3. You point to problems in private medicine, but government run medicine has the same problem, look at the US’s medicare or the VA health system, or the UK’s NHS or Canada’s system. I don’t see how socialized insurance programs will be any different in this regard. Look to the UK or Canada and you will see they deny healthcare to the very elderly for cost reasons and keep prices down by not allowing drug companies to recoup r&d costs in their sales prices.

    Even look at the debate currently in the US, the proponents of socialized medicine keep saying that they want to deny claims as a way to cut costs.

  4. And this is in general what’s wrong with America and most of the world today. The fact the article implies these are only American companies irritates me somewhat. The actual fact is almost all publicly traded companies, American, foreign, or multi-national work on a price per share structure.

    A huge problem is the complete disconnect from the top brass and the people that actually make their company run. Even middle level managers sometimes act like they are somehow that important. Here’s a real world (I just lived through this) example: About 2 months ago the company I work for fired, laid off, downsized, rightsized, whatever about 2/3 of it’s 2nd shift workforce. This was due to cost issues and projected workload. Now come to the present. We have exceeded our sales projections by about 20-25%. A good week is getting a single day off, all days are 10 hours. Second shift is being rehired and 100% operational. Less than half of the people who got let go want to come back. This means we have a lot of new people and temps. Which means production will be less efficient because everyone has to get up to speed….

    How did that exactly save money? Oh wait it didn’t. When the news got out that we cut the headcount stock prices jumped. F’n brilliant.

    A few companies, like Sas, work normal hours, have great benefits, a good work/life ratio, good stock prices, and are looked at as an excellent company to work for. Perhaps we should have companies like this actually teach others how to run their own…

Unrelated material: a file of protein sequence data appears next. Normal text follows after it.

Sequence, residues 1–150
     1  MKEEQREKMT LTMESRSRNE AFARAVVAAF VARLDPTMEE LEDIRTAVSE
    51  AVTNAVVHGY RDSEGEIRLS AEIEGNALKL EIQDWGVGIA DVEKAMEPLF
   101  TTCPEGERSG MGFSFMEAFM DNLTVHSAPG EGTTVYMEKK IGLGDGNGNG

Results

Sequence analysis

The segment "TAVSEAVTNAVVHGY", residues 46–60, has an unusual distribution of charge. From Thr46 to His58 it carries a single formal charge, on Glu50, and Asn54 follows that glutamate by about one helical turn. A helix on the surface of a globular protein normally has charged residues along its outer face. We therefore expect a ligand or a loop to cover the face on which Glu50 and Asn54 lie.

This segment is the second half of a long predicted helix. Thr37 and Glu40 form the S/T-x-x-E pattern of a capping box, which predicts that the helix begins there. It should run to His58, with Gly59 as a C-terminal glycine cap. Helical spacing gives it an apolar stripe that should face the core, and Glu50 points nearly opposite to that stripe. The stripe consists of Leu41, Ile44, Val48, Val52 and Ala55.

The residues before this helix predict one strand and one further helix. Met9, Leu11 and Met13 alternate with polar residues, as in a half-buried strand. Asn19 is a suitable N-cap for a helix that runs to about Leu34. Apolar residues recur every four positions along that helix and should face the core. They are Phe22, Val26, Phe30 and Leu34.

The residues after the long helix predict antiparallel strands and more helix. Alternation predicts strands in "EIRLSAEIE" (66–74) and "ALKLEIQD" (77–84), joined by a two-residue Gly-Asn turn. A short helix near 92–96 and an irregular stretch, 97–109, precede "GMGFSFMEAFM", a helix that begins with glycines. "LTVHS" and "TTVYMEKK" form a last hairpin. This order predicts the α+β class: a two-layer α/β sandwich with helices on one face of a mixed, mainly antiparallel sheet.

5. Ok, here’s how it works in most of the civilized countries in ALL THE WORLD:
    – When i’m healthy, i pay with my taxes the best possible medical care for the people that are sick, ANYONE.
    – When i’m sick, EVERYONE pays with their taxes the best possible medical care for me.

    How it works? Because:
    1- Im healthy a lot more of the time than sick, and tough there are people very sick all of the time, they are very few.

    Got it?

  6. From the article:

    The issue isn’t that insurance companies are evil. It’s that they need to be profitable. They have a fiduciary responsibility to maximize profit for shareholders.

    I take issue with that statement. Acting immorally and without compassion purely for the sake of “maximizing profit” IS evil.

    I find it depressing that the “good of the corporation” seems to increasingly outweigh any sense of decency or human empathy.

  7. Right on, IRU. The “debate” is never framed: “How can we give more people health care,” but rather: “How can we give more people COVERAGE.”

    The fact that we have to prop up a bloated, for-profit middleman is (almost) never questioned.

  8. What the government could do now, while they figure out a better solution, is to require that insurance companies charge anyone a fixed price for a given amount of coverage. Don’t let them charge young healthy people a small amount and old sick people a fortune.